Scientists from companies dealing with the development of new technologies using the phenomenon of quantum entanglement argue that the entanglement of superconducting qubits used so far may not be the most efficient solution. Instead, there is more and more talk of using photons for this. On the one hand, photon quantum states are stable, and on the other hand, photons are suitable for communication applications using the already popular optical fiber technology.
Who needs this quantum entanglement?
Albert Einstein described the phenomenon of quantum entanglement as a frightening action at a distance. There is something real about this grim name. It is generally accepted that nothing travels faster than light. Not even information about any event can travel from one place to another faster than the speed of light. Meanwhile, if we are dealing with two entangled particles, their quantum states are bound together. If we change the quantum state of one particle, the quantum state of the other particle will also change, instantly, at the same instant, whether it is a centimeter, a kilometer, or a hundred million light-years away from the first particle. A change in the state of one particle immediately causes a change in the state of the other, although in theory the second particle should not know what is happening to the first particle until it receives information about the change in its state. This unique process allows for the creation of quantum communication technology that cannot be heard in any way. What more could you have asked for?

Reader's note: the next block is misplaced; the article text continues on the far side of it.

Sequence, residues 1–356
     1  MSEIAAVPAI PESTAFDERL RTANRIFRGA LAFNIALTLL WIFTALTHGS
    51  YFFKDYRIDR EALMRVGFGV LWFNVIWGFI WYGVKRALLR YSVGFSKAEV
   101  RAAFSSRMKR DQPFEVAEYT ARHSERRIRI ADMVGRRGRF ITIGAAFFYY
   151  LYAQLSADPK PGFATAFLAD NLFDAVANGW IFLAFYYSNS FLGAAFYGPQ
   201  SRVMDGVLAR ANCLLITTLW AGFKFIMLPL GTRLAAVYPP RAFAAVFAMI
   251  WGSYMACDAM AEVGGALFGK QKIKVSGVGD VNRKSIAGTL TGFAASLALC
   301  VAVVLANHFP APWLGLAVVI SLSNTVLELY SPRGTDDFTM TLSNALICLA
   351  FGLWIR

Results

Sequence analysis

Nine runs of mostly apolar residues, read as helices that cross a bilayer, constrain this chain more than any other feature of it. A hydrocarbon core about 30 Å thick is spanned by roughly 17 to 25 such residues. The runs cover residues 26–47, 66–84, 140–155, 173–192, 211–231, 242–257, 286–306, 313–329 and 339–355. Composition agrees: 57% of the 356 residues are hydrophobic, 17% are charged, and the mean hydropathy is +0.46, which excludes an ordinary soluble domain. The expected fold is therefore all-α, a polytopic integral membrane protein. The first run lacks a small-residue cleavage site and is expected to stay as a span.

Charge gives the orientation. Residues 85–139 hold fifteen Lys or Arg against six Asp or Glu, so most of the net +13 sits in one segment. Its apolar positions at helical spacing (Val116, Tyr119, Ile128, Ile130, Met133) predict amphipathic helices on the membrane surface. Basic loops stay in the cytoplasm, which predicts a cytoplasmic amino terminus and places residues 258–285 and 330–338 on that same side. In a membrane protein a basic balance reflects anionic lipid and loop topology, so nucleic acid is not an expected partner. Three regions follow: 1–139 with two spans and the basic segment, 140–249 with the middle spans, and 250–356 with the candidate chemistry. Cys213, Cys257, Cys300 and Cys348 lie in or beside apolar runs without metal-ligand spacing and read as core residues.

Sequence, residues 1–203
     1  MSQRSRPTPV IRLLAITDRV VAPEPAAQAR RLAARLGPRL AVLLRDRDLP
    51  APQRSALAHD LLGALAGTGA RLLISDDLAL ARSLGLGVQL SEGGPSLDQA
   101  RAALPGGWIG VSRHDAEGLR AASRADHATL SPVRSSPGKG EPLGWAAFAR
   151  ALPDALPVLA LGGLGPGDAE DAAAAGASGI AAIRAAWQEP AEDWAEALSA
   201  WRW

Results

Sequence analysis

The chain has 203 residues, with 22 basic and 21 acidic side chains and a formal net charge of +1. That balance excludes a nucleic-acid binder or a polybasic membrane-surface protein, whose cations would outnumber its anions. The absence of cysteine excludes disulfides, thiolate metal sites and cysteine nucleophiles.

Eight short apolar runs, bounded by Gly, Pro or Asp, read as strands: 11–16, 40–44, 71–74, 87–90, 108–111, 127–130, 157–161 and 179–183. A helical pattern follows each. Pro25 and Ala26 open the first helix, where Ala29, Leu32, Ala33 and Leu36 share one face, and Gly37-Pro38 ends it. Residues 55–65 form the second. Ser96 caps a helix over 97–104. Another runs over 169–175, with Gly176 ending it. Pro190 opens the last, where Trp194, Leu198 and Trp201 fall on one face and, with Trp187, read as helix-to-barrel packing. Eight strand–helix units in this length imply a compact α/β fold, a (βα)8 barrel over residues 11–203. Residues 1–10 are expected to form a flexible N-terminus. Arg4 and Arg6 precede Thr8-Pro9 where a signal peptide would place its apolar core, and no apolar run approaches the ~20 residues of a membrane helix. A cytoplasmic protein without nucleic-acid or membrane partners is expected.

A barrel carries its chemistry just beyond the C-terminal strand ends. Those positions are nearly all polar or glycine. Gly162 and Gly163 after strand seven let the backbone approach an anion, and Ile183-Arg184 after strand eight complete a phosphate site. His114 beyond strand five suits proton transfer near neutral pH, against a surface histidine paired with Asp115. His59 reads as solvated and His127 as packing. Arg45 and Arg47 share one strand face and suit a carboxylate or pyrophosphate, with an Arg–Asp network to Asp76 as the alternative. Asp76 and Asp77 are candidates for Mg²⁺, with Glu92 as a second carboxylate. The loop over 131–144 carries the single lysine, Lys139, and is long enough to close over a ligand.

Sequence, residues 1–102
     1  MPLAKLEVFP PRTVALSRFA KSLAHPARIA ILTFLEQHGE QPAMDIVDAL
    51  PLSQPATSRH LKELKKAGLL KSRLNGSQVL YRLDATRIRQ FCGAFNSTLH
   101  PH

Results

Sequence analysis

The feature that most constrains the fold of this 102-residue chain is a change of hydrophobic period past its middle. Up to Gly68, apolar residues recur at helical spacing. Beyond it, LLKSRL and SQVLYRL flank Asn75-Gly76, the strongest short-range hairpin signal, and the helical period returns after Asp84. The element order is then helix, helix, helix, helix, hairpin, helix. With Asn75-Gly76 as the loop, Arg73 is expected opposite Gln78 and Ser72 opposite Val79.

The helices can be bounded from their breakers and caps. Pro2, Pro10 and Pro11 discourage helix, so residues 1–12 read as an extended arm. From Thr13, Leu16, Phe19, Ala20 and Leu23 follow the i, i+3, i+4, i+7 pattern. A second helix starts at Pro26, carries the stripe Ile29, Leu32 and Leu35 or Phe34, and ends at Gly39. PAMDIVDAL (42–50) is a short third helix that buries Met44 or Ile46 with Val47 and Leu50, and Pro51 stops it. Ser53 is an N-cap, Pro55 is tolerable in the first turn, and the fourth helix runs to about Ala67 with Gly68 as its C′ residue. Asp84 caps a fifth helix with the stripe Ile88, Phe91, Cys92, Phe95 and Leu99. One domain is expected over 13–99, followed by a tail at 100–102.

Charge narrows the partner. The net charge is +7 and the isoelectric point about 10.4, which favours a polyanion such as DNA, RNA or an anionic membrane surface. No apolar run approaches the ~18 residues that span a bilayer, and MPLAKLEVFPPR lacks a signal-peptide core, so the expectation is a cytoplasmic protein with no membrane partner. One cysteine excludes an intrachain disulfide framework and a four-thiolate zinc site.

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Until now, the problem with applying quantum technology has been the bulky equipment needed to create pairs of photons. While pairs of photons can indeed be entangled with each other, a large conventional laser is required to emit the photons themselves. Its size makes it impossible to apply the technology to practical applications.
Suddenly everything shrank
in Latest scientific article Scientists have introduced the first hybrid photonic chip. Using two different techniques on a chip the size of a small coin, it was possible to fit a device that generates laser light and another that converts it into entangled photons. Simply put, part of the device is an indium phosphide photomultiplier that generates laser light. This system is attached to the part on which there are rings made of silicon nitride. A laser emitting indium phosphide rotates silicon nitride rings where noise is removed from it. In the final loop, two photons are emitted. As a result of their annihilation, a pair of entangled photons is created.
Also read: Quantum entanglement at your fingertips. The designed device is unimaginably thin
The scientists argue that although this is a huge achievement – they managed to reduce the laser source by nearly a thousand times – they still have a lot of work to do. After all, the chance of quantum technology getting out of the lab and being used in reasonably sized devices has come true. Just be patient a little bit.
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